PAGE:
It was by no means an easy decision, as evidenced by my swollen red eyes, heaving sobs over the bathroom sink, and the sick feeling in my stomach. Michael and I took turns crying, shaking... I spent a portion of my day angry as hell at Veterinarians and their conflicting information, the shelter that told us never to give Niko wet food, the pet food companies that put all this sh*t in their products, the City of Los Angeles for its hard water that causes mineral build up in cats (they should only drink diluted), and myself for not knowing any of this until it was too late.
At the Los Feliz Small Animal Hospital, retired veterinarian Dr. Hall volunteers Mondays because he loves animals that much. He continues to read the medical journals and research pet food diets.
Dr. Hall was Niko's doctor on Monday, has a few cats of his own, and knew what we were going through.... so he decided to try an experimental, low cost, non-surgical attempt at saving Niko. With a mixture of removing urine in the bladder with a syringe, giving Niko anti-inflammatories, and having him on IV fluids, the hope was to get the catheter Tuesday so he could come home Wednesday.
Cooper missed his brother.
Niko is back home with us, thinner, exhausted, and rather unhappy about the whole ordeal (not that I blame him). He was the star of the clinic since they'd never tried this method before and the chances of his recovery were incredibly slim.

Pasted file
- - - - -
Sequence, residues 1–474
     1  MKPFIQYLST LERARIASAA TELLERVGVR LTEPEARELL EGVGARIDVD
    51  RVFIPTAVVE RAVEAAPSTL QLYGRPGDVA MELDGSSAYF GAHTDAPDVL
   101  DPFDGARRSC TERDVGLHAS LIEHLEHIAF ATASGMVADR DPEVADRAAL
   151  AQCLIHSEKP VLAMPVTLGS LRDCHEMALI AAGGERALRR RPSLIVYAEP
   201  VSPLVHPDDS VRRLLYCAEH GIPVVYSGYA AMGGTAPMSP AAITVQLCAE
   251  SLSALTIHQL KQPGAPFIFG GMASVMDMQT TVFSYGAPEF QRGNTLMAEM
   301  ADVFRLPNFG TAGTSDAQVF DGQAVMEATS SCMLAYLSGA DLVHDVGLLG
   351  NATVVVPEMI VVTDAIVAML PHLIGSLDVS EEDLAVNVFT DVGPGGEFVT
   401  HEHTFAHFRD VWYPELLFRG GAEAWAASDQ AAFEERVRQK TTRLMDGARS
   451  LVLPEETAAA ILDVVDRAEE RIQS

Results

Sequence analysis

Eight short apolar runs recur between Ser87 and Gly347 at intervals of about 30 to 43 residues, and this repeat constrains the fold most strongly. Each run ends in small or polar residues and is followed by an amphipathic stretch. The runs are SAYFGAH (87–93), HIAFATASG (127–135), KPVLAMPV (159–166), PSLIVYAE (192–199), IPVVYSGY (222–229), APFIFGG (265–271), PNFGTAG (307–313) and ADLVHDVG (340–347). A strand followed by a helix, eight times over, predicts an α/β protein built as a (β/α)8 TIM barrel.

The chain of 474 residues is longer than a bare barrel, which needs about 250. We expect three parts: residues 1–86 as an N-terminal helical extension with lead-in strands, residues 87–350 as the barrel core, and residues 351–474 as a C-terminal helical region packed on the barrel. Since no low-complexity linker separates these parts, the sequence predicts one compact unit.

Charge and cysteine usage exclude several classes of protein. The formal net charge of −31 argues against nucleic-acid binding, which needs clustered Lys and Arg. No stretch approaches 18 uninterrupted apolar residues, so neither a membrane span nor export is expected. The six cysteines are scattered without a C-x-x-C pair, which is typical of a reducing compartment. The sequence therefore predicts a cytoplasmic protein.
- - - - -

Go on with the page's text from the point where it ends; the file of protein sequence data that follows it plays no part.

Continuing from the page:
The key now is for Niko to eat a special wet food diet, get lots of diluted water, and avoid dry food and fish. Unfortunately, Niko is also the pickiest-- and when I say that I am NOT exaggerating-- and most stubborn cat on the planet. He's still holding out for his favorite tuna, and after trying the canned Weruva Chicken, Weruva Nine Livers, Fancy Feast Beef and Tuna, and Royal Canine Urinary Tract C/D, all he wants is the dry prescription food.
He won't even eat the dry food if I put water on it. If he doesn't eat soon we'll be back at the hospital for temporary fluids to go under his skin until we can get him to eat.
So, while I'm thrilled Niko is home, I'm still on edge about his lack of hunger and thirst. My absence on here may continue while this goes on and I search for a job-- at this point ANY job-- in Los Angeles. Please send good vibes my way.
I also want to add a special thanks to my parents who cried along with us and felt the worry and sadness of losing such a special cat. They continue to amaze me with their endless support so I'm beyond thrilled they get to fly first class to a week long getaway in Hawaii!
You may be wondering-- with all the stress, emotional strain, and expense-- if I regret adopting cats.
Never. Even if things were to go south again, I wouldn't trade the last 4 and a half years spent with the oddest little gray cat I've ever met. Niko may not be a lap cat, but he shows affection through nudges and sleeping on our feet. He talks to us, leads us to what he wants-- food, a clean litter box, a toy-- loves exploring new territories, and creepily stares at me in bed until I give him breakfast.
No matter how many times Michael and I have to force his mouth open to give him medication or how miserable he is when the vet examines him, Niko never bites, nips, or scratches.
Niko is a gentle soul.